School board gives high schools flexible start times

Not all students will start classes at 9 A.M., but more have the option


By Nola Levings

Students may have the opportunity to start school at 9 a.m. next year after school board members voted unanimously to give students a late-start option at their board meeting on Monday night.

Students choosing to attend for 7 class periods will still have an 8 a.m. start time option.

During November’s meeting, the Late Start Time Implementation Committee presented feedback from the school community. These results included survey data from students, administrators and teachers from eighth through 11th grades, as well as families and community members.

Another report presented on Monday recommended that the board not change the official start time but offer a 9 a.m. start time as an option. The presentation consisted of zero hour student demographics, transportation totals, current graduation requirements and options for changing those requirements, and a possible six-period advisory schedule.

Interim principal of Lawrence High, Cynthia Johnson, said LHS is exploring options for more zero hour classes but warns greater student interest will be needed.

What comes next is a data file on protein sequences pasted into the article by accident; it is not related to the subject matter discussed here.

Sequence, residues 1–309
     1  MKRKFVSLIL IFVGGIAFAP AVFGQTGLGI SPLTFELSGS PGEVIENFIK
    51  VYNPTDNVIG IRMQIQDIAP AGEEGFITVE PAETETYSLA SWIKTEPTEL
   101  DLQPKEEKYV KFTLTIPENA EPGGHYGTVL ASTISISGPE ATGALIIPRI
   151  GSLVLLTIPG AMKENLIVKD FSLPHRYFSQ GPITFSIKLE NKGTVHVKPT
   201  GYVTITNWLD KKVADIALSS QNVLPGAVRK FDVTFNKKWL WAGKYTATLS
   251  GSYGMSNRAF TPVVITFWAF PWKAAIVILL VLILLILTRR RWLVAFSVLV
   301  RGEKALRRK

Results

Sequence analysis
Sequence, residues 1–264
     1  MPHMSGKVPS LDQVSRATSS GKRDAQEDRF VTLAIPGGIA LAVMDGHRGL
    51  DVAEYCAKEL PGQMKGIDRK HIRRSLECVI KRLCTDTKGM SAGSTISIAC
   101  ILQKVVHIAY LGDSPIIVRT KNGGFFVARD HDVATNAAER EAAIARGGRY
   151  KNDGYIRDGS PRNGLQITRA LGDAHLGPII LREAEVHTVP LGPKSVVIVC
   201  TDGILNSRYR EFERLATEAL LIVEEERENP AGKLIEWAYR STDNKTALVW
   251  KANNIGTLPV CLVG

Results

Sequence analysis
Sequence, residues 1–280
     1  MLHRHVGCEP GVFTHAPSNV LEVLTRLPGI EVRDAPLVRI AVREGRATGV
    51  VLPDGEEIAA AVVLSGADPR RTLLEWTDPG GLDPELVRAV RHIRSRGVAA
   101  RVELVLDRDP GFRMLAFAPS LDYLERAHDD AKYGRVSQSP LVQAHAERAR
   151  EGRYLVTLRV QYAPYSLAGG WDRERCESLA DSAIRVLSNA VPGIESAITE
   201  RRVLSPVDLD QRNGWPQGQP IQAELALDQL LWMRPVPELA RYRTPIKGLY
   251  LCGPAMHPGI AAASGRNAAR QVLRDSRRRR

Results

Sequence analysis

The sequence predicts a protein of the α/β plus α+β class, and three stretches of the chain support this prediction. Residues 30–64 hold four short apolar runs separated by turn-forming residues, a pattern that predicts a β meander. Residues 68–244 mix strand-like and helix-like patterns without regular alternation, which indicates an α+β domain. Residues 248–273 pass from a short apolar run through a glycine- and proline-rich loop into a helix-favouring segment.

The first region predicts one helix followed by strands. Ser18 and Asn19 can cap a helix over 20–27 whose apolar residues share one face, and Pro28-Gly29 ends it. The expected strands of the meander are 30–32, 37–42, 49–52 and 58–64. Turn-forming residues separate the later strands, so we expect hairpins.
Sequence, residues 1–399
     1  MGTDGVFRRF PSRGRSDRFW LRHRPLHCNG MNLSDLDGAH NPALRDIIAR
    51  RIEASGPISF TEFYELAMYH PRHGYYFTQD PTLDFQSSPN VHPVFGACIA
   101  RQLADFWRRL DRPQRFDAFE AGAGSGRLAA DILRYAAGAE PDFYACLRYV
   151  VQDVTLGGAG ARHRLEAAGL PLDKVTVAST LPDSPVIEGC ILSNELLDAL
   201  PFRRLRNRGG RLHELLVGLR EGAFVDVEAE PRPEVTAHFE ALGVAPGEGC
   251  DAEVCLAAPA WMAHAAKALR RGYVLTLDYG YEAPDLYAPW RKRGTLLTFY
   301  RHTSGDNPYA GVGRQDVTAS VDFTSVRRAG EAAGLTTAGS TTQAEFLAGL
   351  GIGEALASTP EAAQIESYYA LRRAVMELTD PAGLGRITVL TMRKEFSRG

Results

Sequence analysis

Survey data collected from teachers showed that they are against changing the official start time immediately, and those feelings were backed by board member Kelly Jones.

“I’m especially concerned about all of the feedback that we’re seeing from staff, and I know that what we should be doing is focusing on our students,” Jones said. “But I would argue that by not acknowledging the feelings and concerns of our staff, that we are not doing what’s best for students.”

Jones continued with her opinion on the mental health of students and how homework practices play into that issue. Board member Rick Ingram said he worried about the consequences of an  overload of homework.

“How many of you have seen people nod off in your classes? And they’re doing that because they’re not getting enough sleep. So here’s what they’re doing,” Ingram said, pulling out an empty Red Bull can. “And sometimes they’re doing more than one a day.” Ingram pulled out another Red Bull energy drink.

Students and staff from Lawrence High also voiced their concerns. CTE teacher Mike Evans said after-school activities, such as debate and forensics, could be negatively impacted by other schools in the Sunflower League not having the same starting time, especially if school ended later. Junior Trinity Shorter shared her concerns that changing the start time wouldn’t help the issue of less sleep and that with a later start time, students would just stay up later.

The school board added a request for an update on a communication plan and on course enrollment impact at the end of the 2020-21 school year.